Never on a Sunday
When visitors first arrive in Bhutan, they are usually fascinated to see that almost everyone here wears the national dress.
The impression you get is that of an exceptional place, rich in tradition and unified through a particular kind of clothing not worn anywhere else in the world.
But there are two sides to the coin.
The Bhutanese don’t wear their national dress totally out of their own free will. If they could, most of them would also put on jeans and t-shirts.
Especially the kids would much prefer to look just like everyone else in this world.
But there are laws in Bhutan stating that the people have to wear the national dress when they are in school or in a shop, on formal occasions and when they are in any kind of government office or institution.
The only time these rules seem to be more relaxed is in the evenings, after government offices and public institutions have closed, and on weekends.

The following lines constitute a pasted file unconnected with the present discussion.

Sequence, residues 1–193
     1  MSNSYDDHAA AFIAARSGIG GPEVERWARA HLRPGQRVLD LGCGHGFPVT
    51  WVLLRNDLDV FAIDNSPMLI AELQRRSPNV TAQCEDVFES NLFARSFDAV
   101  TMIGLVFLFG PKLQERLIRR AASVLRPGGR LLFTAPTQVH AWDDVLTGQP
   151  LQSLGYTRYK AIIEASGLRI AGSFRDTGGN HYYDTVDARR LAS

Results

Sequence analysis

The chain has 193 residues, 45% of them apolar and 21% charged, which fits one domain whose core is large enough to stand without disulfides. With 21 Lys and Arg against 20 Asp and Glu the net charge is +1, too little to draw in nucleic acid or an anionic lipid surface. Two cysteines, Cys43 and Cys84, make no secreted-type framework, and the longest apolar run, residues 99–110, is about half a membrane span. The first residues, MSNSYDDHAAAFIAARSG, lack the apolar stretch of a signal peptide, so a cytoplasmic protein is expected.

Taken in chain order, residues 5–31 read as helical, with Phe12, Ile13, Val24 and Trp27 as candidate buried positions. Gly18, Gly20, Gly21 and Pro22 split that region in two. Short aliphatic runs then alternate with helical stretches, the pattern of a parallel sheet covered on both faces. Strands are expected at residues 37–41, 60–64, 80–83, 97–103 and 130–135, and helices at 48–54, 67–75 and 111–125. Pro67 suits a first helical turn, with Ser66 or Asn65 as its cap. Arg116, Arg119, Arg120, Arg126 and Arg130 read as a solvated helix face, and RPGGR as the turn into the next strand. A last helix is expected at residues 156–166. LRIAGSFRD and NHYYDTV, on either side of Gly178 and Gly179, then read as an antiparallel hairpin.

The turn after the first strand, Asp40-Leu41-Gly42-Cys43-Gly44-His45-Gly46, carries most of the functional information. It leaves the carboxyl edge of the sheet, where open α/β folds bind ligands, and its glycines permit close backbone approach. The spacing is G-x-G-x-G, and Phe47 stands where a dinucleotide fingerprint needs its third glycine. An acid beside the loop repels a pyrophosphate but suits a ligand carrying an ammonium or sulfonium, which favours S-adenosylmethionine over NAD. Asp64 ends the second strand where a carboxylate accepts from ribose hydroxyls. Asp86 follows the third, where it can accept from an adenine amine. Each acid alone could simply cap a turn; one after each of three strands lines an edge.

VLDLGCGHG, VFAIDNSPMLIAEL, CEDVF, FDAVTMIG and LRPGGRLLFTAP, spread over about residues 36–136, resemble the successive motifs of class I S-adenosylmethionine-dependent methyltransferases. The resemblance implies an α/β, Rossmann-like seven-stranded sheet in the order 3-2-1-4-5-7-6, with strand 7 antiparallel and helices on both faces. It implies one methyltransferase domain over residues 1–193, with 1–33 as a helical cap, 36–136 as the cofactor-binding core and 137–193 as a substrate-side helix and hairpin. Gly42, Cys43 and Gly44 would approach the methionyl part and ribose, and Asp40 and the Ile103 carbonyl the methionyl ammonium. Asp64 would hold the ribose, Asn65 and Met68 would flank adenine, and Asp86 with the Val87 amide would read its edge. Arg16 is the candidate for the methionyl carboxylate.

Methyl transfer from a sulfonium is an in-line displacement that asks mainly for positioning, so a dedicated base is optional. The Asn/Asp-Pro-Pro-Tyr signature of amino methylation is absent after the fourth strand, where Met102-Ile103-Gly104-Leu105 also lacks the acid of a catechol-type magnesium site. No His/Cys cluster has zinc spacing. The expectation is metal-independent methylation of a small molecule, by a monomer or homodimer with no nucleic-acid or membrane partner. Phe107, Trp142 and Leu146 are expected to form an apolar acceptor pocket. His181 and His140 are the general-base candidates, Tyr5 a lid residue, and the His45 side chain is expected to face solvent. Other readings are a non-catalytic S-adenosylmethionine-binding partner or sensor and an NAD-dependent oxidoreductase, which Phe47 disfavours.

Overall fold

When you walk through Bhutan’s capital Thimphu after sunset or on a Sunday, you’ll only see very few men wearing the traditional gho and very few women dressed in the kira.
This is especially true for the young Bhutanese.
I have visited Bhutan three times over the past four years and it’s my impression that the popularity of western clothing is increasing.
I can’t remember seeing this many teenagers in western clothes in the evenings and on weekends before.
I guess this is due to increased exposure to Western culture in the form of movies, tourists and TV. After all, Bhutan didn’t even have television ten years ago.
Who knows how much longer the authorities will be able to uphold the rules promoting the national dress if this is not what the (younger) people want?